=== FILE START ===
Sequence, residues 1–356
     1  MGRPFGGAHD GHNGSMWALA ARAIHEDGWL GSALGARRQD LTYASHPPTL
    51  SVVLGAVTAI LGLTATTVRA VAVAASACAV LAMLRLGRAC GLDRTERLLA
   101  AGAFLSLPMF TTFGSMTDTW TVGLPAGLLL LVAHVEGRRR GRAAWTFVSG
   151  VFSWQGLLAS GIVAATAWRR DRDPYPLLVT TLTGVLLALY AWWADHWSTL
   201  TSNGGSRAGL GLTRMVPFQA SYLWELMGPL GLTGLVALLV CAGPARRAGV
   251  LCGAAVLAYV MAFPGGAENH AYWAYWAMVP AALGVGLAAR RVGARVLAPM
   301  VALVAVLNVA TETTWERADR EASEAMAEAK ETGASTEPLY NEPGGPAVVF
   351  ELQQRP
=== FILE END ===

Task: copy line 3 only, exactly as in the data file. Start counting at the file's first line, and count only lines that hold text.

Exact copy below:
    51  SVVLGAVTAI LGLTATTVRA VAVAASACAV LAMLRLGRAC GLDRTERLLA